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Who says, ‘Geriatric mothers’ don’t labour well?

Birth Stories

by Bettina

About two months ago my partner, Andy and I did the Calmbirth program in the Southern Highlands, Mittagong. I was a bit of a mess and rather embarrassingly, wept my way through my introduction to the group. I came with a lot of fear as I had been led to believe that “Geriatric mothers do not labour well”, and being 44, was haunted by the fact that my own mother had bled to death (but was revived) giving birth at 42.

By the end of the weekend at Calmbirth I had realised that ‘all’ fear was not only counter-productive, but irrational.

I wanted to remain realistic – and wrote an extensive birth plan begging for an epidural – in large bold capital letters underlined (with the words “and we will not be changing” our mind, in brackets underneath it). I also rang a lawyer and wrote my will.

Due to my age and gestational diabetes I was due to be induced at 39 weeks. I did everything I could to prepare for this- as much walking as I could every day, bouncing on a birth ball, raspberry leaf tea, sex, evening primrose oil capsules to soften the cervix, nipple stimulation, yoga, acupuncture every week… everything except curry and pineapples!

The day before I was due to get induced, the contractions came on very slowly in the morning, with an “unexplained bleed,” so at about 11.30 I walked half an hour away to my hospital for my assessment, where I found out I was 2 cm dilated.

The contractions started becoming stronger and the gap smaller, (it was about 230pm), so I asked my partner if we could go outside for a walk around the cricket oval, into the sunshine, as I just wanted to stay as active as possible until I got to 4 cm when I could then ask them for an epidural.


I walked through the contractions because I have read this was good. Well, my partner, Andy, leads me around with my eyes closed, I kept telling myself out loud with every step, “relax every muscle, feel the sunshine, feel a breeze, and feel the tree”

I hugged many trees along the way with each contraction (to the point where Andy thought we would get picked up by the mental health unit! Even when we got back to the ward, I just keep walking on the spot next to the hospital bed, eyes still closed, telling myself the same thing imagining I was still outside just walking on the spot just keeping the rhythm going.

The midwife could see from the Machine when and how strong I was getting contractions, and wondered why I wasn’t showing signs of more pain, so she asked me if I would like to try without the epidural, to which I replied, “NO THANK YOU!”,  as I was still only trying to get myself to 4 cm so that I could get the epidural.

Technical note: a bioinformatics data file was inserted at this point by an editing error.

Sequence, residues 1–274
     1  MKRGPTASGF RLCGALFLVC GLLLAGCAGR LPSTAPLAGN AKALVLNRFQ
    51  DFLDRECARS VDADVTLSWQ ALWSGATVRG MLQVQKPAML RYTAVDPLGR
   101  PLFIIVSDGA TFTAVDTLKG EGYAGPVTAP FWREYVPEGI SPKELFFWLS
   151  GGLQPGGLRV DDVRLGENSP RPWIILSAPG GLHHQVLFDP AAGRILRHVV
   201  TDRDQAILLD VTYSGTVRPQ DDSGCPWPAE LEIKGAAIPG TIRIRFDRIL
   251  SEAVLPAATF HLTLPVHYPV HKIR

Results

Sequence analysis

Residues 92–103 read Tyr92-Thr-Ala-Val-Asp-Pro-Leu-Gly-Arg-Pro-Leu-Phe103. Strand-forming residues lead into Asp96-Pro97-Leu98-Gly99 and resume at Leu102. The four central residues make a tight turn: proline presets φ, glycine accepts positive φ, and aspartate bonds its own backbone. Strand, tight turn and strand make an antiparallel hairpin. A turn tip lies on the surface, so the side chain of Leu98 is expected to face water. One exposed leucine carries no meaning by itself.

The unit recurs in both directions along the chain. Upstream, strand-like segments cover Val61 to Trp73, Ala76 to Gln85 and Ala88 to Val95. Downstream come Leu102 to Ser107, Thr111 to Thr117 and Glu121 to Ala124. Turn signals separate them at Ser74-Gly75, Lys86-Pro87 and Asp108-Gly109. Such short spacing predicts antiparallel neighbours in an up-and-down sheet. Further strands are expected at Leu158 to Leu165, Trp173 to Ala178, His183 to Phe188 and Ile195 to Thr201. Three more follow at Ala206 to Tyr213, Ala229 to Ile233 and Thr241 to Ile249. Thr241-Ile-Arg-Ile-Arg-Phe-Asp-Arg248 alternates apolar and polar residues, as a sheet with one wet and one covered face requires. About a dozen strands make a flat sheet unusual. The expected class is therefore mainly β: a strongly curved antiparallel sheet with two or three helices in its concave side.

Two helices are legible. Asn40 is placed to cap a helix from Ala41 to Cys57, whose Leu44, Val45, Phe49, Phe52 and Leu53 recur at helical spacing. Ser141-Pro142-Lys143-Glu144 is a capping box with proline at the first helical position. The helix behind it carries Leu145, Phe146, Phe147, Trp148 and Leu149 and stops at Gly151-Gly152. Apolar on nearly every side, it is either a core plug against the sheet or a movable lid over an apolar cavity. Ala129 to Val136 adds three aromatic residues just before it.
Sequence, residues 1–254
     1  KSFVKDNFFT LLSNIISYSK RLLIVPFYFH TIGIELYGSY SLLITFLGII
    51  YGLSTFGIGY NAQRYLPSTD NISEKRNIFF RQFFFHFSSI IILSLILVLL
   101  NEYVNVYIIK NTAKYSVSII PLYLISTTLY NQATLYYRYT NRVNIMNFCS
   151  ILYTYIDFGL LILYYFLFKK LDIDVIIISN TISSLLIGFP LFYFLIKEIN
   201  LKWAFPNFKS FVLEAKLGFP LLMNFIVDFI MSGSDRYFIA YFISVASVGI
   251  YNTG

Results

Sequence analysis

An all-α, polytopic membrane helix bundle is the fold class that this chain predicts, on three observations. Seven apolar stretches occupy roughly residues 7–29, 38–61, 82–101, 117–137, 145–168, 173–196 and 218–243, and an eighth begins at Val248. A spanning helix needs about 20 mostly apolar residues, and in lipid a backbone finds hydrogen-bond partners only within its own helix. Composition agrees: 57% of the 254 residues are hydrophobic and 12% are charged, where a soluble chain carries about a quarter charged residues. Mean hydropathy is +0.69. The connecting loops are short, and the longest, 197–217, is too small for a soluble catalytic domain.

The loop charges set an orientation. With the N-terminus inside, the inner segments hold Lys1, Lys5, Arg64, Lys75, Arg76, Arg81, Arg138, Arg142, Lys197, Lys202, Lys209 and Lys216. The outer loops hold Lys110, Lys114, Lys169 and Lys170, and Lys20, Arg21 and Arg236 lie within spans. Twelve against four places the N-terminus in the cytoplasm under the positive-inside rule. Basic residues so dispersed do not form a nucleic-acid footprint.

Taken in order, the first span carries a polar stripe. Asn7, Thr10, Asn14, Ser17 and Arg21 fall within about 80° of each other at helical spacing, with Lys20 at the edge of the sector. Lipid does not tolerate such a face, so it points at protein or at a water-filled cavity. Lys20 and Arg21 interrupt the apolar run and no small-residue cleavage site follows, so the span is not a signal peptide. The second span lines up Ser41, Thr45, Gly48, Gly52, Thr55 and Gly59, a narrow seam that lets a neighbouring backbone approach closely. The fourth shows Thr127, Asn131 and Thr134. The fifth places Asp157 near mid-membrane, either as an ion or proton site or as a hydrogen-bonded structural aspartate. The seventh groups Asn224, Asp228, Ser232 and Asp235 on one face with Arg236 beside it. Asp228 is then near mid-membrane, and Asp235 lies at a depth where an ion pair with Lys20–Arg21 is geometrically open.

I then projectile vomited and then burst my waters, you could almost hear the bang go splat. Needless to say the floor was a bit of a slippery mess. They wheeled me up to the birth suite for the internal assessment – not 4 cm, not five, not six – I was already at the full ten?!

I hopped into the bath, and the last part just felt like doing a big poo, with what felt like five minute intervals where I just felt totally pain free. One big push got his head out, and on the next contraction, another push catapulted my little boy Liam right out.

I clearly got extremely lucky, which can happen at any age, but the fact that you really CAN give birth at 44 and not need anything stronger than a bite of banana for energy – was incredible! With a lot of luck, in the sense that our baby was facing the right way, and our preparation by doing the Calmbirth program that gave us the confidence and alleviated all my fears and anxieties of being over 40 and my fears I carried with me from my own mum’s experience, I  just know there was no way the above would have happened without the Calmbirth program.

I highly recommend it to anyone with 2 ears (and a pregnant belly) – thanks from the bottom of our hearts, for giving us the tools, to have such an unexpectedly peaceful birth.


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